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Pagination For SEO: How to Implement Pagination Attributes And Avoid Duplicate Content Issues When Writing For SEO in 2018

20 August 2018 Philip Volna Leave a comment TECHNICAL SEO

Today, in 2018, writing for SEO is a whole different thing than it used to be back in 2001. Content writers are doing their best jobs writing for users and not for search engines. Having a loyal community of readers, clients, visitor or in other words leads is a key to ranking number one on Google.
Building an engaged network and establishing your brand identity is a very complicated process that requires a lot of time, effort and adaptivity due to the constant changes in Google’s algorithm. The best way to attract users is to write engaging content that answers user queries directly. The problem is that there is sometimes a lot of content needed which you have to break into pieces to avoid content overload and do not overwhelm users with the huge amounts of text.The best way to break the content into smaller and easily consumable parts is to create pagination. Since there are a lot of WordPress-built websites, we will be speaking about creating WordPress pagination.

What is pagination?


Creating pagination means dividing a document, article or website into pages that will logically complement each other and make the content easier to digest.

For example, in the picture above you can see that pagination consists of 11 pages at RankActive’s blog.

If you’re using WordPress and want to know how to create pagination you can check out the video. It’s very well explains everything you need to know about pagination and how to make it user-friendly.

How does pagination affect your SEO?

In most cases, it doesn’t. Google does an excellent job dealing with pagination in terms of parsing the paginated pages. Paginated content is a very common thing on the web, so Google has no problem crawling it.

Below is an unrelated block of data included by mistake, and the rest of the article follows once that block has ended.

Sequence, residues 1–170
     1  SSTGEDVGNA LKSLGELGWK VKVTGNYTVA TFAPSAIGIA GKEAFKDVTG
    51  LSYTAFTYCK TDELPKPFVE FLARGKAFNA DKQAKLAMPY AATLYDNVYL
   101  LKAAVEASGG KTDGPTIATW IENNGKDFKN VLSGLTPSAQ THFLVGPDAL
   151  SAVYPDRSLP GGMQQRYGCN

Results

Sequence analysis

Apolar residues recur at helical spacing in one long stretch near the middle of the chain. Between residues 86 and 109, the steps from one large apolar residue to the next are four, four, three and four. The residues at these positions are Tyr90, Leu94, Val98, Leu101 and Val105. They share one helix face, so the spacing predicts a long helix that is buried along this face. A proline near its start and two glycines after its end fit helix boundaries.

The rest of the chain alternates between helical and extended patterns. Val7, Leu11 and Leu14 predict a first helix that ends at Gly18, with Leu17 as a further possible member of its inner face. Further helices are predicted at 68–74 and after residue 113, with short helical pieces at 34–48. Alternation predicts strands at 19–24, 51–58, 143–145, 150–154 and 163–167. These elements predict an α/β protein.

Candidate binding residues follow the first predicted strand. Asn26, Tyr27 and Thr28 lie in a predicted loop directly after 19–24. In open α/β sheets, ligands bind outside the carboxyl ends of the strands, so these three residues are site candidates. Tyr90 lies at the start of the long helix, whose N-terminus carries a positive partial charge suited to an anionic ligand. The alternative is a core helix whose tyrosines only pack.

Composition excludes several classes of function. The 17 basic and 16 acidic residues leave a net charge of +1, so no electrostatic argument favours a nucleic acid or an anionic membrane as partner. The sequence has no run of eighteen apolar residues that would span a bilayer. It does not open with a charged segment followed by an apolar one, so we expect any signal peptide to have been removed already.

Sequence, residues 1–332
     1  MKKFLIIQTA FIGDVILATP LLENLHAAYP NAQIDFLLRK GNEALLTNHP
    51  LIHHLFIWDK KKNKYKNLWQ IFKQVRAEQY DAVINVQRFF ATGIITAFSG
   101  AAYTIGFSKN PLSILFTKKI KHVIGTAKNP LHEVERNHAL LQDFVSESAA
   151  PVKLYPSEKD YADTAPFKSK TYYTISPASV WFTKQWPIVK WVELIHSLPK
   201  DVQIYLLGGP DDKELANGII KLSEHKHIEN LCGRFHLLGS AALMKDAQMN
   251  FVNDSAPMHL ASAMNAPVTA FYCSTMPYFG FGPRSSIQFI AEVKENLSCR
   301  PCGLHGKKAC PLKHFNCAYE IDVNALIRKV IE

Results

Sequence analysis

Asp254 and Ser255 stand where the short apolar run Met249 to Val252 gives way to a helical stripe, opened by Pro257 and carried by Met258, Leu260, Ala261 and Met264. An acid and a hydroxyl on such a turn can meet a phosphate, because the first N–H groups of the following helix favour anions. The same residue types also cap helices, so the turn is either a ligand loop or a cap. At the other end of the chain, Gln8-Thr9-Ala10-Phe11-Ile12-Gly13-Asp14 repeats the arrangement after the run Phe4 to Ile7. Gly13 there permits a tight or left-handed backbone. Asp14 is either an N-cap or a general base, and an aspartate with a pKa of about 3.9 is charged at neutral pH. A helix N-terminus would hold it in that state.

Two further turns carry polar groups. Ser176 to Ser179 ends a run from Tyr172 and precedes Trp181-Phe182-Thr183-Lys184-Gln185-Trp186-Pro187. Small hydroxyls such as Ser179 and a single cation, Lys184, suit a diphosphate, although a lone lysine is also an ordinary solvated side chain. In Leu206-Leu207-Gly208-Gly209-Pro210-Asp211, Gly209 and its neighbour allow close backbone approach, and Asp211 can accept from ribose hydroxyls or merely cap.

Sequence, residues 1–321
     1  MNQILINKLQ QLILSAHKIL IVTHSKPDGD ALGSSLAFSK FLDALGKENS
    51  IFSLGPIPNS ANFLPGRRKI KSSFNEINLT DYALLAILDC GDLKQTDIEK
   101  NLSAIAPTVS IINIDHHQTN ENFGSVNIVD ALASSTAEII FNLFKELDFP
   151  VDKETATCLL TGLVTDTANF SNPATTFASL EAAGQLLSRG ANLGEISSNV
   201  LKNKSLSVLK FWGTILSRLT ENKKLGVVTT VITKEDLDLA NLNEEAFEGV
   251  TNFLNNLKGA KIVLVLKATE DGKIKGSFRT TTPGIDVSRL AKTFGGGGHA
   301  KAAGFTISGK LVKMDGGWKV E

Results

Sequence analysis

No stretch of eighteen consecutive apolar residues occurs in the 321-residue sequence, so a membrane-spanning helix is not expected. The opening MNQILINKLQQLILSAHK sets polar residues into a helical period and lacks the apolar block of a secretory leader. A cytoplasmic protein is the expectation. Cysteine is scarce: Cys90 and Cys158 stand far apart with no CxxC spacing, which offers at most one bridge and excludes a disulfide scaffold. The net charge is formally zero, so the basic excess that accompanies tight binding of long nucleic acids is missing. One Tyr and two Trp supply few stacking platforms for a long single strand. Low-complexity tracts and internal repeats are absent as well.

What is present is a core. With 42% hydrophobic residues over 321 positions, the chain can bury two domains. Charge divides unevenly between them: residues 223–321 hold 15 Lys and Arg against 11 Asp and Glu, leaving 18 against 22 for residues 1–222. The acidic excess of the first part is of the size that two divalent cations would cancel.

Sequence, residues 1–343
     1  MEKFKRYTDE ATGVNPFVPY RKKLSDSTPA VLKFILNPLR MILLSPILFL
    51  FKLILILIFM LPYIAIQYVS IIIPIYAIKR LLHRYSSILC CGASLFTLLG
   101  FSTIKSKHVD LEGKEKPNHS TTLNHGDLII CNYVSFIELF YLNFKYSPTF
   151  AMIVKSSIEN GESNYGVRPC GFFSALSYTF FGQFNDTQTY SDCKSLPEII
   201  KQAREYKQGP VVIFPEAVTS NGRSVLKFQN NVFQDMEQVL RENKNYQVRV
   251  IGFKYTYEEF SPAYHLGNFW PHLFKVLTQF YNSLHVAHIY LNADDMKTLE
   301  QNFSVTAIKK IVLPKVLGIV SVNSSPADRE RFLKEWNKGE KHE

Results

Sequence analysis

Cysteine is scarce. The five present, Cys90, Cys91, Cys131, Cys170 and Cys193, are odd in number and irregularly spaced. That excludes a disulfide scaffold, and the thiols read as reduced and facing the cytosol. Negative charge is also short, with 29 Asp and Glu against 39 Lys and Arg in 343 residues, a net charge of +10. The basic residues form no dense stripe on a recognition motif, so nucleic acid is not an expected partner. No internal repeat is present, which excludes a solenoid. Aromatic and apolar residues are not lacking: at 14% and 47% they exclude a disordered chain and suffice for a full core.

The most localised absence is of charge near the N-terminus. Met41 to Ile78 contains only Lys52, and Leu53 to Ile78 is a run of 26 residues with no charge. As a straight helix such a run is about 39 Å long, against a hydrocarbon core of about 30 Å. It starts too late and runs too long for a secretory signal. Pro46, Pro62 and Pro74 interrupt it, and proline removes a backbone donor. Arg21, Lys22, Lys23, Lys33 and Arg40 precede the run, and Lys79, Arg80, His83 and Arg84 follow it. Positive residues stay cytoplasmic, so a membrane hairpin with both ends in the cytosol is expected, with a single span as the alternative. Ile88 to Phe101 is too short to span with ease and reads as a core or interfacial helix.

However, sometimes duplicate content issues may appear, and it’s good to know how to solve them. One of the users on the web has shared their issue in the comments.


The solutions to their problem would be adding a rel=”canonical” attribute. The canonical tag will help Google prioritize pages correctly and determine the master page so that the duplicate content issue will be resolved.

Another case might have been because they poorly indicated the relationships between the URLs and failed to implement pagination attributes correctly. To set up the attributes successfully you need to use rel=”next” and rel=”prev” choosing either HTTP header or HTML &ltlink&gt tag to put those tags into.

Here is a screen taken from the Google Webmasters support section that shows you the right way to use the rel=”next” and rel=”prev” tags.



Implementing pagination attributes is a very easy thing to do, however, it can cause a lot of issues with duplicate content and poor logic indication between URLs if done in a wrong way. Even though Google algorithm gets better every day and knows how to crawl paginated content you need to help Google to do its job more effectively and exclude the possibility of negative outcomes.

You can help Google either by implementing pagination tags or by placing canonical attribute. If you want to make sure that the rel=”canonical” is set up correctly, you can use Site Auditor to perform the website checkup.



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